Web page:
“Market comps have inherent limitations,” began Don Wiggins (Heritage Capital Group) in his keynote address at CICBV/ASA Business Valuation Conference today in Miami Beach. The most common that the best practitioners immediately recognize are:
- Majority and minority issues—does public stock represent a minority discount at all?
- Size—can a billion dollar enterprise represent a small private company
- Diversity—smaller companies are often “pure plays.” Larger companies are often diversified. But, in either case, do the publicly traded companies really match the business model of your target company
“All of the databases tend to use financials as reported in the deal documents, though of course the economic reality of the transaction may be very different,” agrees Wiggins. “We’ve all seen implied EBITDA multiples from deal financials and we know that they may not be very dependable for pricing purposes.”
“Deal terms also play a role—what are the baskets and caps, what is the earnout, and what are the considerations paid that did not go to the sellers,” asks Wiggins.
“As appraisers, we’re all limited by at least two factors,” he concluded. “First, it’s unlikely that all clients will pay us to ferret out the true financial information. Second, even if they would, the real data may simply not be available.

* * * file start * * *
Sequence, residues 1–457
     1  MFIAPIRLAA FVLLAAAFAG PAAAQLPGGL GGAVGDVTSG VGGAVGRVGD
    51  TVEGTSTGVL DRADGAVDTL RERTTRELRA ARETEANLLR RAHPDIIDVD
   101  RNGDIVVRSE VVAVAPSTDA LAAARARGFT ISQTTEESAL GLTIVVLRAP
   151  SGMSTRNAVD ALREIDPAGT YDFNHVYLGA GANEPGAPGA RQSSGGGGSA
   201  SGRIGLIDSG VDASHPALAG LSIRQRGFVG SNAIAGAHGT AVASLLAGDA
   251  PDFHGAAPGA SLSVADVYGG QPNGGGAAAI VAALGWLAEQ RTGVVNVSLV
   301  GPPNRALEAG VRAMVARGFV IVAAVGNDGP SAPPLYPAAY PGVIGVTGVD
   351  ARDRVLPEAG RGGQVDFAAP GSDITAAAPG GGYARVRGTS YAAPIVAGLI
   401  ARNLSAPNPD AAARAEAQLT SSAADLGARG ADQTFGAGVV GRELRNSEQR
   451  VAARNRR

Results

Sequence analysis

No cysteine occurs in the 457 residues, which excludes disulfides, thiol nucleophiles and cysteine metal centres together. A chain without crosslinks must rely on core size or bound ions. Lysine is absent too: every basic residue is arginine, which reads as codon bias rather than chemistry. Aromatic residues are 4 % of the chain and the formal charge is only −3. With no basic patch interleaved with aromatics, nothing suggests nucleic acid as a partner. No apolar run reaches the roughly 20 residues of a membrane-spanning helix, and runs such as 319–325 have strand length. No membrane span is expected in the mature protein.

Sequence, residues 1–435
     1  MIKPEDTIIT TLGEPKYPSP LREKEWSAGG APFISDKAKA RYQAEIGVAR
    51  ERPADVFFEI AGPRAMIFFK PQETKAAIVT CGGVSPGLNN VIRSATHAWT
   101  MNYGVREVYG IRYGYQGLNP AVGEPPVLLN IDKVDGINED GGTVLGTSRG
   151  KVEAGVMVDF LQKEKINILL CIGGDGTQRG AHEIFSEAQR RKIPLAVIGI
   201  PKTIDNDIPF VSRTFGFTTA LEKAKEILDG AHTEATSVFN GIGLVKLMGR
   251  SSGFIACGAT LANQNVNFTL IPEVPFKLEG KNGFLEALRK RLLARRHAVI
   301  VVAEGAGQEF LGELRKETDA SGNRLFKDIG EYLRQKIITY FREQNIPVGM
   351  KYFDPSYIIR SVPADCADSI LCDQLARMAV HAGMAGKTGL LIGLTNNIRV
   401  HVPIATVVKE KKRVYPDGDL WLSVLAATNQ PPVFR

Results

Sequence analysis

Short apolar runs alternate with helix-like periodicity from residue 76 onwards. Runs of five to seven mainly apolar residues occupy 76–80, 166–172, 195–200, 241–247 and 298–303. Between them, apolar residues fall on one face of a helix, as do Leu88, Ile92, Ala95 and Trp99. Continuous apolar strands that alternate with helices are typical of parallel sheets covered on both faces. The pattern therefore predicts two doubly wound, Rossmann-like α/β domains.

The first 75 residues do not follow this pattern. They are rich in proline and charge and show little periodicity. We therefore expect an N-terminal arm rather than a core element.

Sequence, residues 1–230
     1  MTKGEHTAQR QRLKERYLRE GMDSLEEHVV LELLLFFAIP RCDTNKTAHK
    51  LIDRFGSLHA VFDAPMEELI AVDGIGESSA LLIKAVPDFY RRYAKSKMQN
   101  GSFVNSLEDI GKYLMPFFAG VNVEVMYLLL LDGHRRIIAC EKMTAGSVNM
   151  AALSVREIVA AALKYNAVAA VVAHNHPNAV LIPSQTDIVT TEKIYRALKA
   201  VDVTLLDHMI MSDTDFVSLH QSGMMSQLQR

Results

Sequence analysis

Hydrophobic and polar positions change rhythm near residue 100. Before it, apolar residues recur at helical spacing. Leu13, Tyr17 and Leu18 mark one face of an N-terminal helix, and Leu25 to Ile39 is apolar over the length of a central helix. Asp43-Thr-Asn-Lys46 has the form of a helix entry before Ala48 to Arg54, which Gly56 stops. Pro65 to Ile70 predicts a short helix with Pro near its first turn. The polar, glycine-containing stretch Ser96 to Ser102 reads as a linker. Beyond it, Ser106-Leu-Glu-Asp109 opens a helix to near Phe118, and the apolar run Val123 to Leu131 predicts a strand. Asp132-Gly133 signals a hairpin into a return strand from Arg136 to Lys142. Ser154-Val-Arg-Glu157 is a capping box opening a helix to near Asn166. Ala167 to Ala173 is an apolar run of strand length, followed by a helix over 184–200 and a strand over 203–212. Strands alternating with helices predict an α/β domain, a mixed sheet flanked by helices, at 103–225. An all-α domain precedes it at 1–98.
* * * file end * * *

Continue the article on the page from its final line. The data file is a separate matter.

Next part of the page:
Sadly, the income approach also has weaknesses. “You can make specific assumptions about CAPEX, growth, capital structure, and all the other factors that go into a forecast.” Wiggins says at least then the assumptions are quantified and can be discussed or negotiated. This holds for non-competes and other factors and conditions might be built in to future forecasts. “Even the tendency to recapitalize in the future is an assumption, and of course this has a big impact on WACC.”
The same is true with key person discounts, marketability, and other factors that might be negotiated in a real sale. “They are assumptions, but at least the assumptions are documented and can be discussed where disagreements occur,” reminds Wiggins. “Income models are very sensitive to a few key assumptions like growth rate. A small disagreement on assumptions as we all know can have a huge impact on value conclusions.”
A question: “How many of you have seen a set of income statements that is less than high quality,” Wiggins asks. This generated a round of laughter from the entire appraiser audience. “Of course this is another problem with the income approach—if you’re starting with a set of financial statements that is unusable.”